In the fight for the region’s 25 seats, the former chief minister and TDP chief Chandrababu Naidu, 64, who is credited with boosting Hyderabad’s IT sector while ignoring the rest of the state, will go up against YSRCP chief YS Jagan Mohan Reddy, 41, the son of a former chief minister.
Many experts have cautioned against committing past mistakes of centralised policies that led to skewed development, an issue most parties have promised to address.
The TDP-BJP alliance, boosted by support from Jana Sena Party of popular Telugu actor Pawan Kalyan, has been selling the dream of growing Seemandhra , while Congress has promised to make all 13 districts of the residual state more successful than Hyderabad.
Interestingly, the BJP which supported the formation of the new state, has inked a political alliance with the regional Telugu Desam Party, which had vehemently opposed the bifurcation.
Vijayawada (which means land of victory in local Telugu language), the financial centre and transportation hub of the region, has figured in the BJP prime ministerial candidate Narendra Modi’s ” 100 smart cities of India ” project. It’s a typical Indian city with cramped housing and narrow roads, save for the brand-new expressway that connects it to Hyderabad.
However plans for expanding the city’s road network and reducing the concentration of the population are already in motion, according to local urban developers .
For YV Ramana Rao, the president of a builder’s association in Vijayawada, this is good news.
“All the political parties are saying they will develop Seemandhra area like Singapore, so we are also under the impression that within five to 10 years this place will develop just like Hyderabad,” Rao said.
Building associations in the city say there is an upsurge of construction projects. LVS Rajashekhar, a real estate entrepreneur who is responsible for bringing the first shopping centres and even a low-cost carrier airline to Vijayawada, says that the city could see the return of the business community living abroad.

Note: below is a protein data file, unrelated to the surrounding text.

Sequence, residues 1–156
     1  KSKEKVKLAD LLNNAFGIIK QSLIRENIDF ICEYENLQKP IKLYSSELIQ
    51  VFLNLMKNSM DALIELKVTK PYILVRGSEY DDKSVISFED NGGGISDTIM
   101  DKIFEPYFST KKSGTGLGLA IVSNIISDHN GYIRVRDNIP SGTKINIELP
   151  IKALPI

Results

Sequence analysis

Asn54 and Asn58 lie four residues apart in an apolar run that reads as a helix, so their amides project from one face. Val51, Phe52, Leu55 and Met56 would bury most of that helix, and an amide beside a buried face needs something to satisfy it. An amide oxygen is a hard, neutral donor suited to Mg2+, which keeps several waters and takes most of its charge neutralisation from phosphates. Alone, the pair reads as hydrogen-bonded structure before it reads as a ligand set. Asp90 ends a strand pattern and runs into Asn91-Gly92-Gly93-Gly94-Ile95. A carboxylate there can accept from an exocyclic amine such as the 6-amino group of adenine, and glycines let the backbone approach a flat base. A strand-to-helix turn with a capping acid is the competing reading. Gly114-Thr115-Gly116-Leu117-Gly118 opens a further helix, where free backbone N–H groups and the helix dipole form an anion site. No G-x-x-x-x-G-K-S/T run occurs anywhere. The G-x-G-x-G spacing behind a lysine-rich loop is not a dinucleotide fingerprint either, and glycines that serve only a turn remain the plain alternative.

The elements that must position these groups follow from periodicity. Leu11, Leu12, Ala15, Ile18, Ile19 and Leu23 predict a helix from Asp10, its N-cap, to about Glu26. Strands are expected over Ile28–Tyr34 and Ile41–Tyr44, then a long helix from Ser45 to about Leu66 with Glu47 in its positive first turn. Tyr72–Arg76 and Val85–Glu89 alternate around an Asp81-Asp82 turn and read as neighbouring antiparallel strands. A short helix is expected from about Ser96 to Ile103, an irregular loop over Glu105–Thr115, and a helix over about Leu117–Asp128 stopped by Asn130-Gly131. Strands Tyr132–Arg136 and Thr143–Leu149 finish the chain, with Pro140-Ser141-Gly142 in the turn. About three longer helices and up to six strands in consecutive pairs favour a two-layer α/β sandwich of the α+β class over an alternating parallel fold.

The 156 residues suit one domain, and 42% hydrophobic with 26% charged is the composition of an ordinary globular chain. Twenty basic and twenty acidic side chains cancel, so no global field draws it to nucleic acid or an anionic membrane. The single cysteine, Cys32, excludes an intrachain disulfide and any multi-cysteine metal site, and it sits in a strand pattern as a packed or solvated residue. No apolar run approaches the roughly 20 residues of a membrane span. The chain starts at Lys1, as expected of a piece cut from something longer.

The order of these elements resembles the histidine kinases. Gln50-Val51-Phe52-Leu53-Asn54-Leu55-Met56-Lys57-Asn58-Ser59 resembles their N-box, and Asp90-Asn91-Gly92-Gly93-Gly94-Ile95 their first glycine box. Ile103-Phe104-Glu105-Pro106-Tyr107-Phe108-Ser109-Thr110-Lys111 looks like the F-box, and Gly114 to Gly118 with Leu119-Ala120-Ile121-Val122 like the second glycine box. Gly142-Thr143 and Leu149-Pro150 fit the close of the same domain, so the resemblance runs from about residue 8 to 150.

“In the past 10 years, everything has stagnated, no development, no investor was looking at us,” he said. “They know the potential is there in Vijayawada.”
Students and youth are also worried about their future as the top educational institutions and most of the job opportunities are in Hyderabad. The fact that seats will be reserved for students from Telangana has further dampened their spirits.
Tina, a college student at Acharya Nagarjuna University (ANU) on the outskirts of Vijayawada, sees little future prospects in the region.
|Some students at the university said that for their field they would still look to Hyderabad for jobs until things improve [Umika Pidaparthy/ Al Jazeera]|
“These universities here [in Seemandhra] don’t have those kind of standards because everyone concentrated on the capital,” Tina, whose hopes to pursue a PhD in Hyderabad have been quashed, said. “Yes we are stuck, what to do? OK, it is beneficial and everything, but for the next generation.”
ANU has applied to become a central university to deal with the inevitable rise in enrollment. P Rajasekhar, the registrar of the university, told Al Jazeera that polticians have announced more technical and management institutions in the state.
ARK Bhanu, 55, a retired bank employee, says that she will vote for a strong political party who can take them forward in this regard.
“We are looking forward to a lot of changes,” she said. “Lot of educational institutions are needed around here, lot of irrigation projects have to be developed here.”
Das the retired professor said that most people in Seemandhra, including himself, feels that the time has come to move on and the elections will be a test for the direction of the state.
“Challenges come out of crisis,” he said. “A country like Japan could build almost from the ashes. Andhra Pradesh can as well with its agricultural resources and its mineral resources.”
Das added: “I don’t give a rosy picture, but I also don’t give a gruesome picture. All is not lost. We have lost Hyderabad, so what?”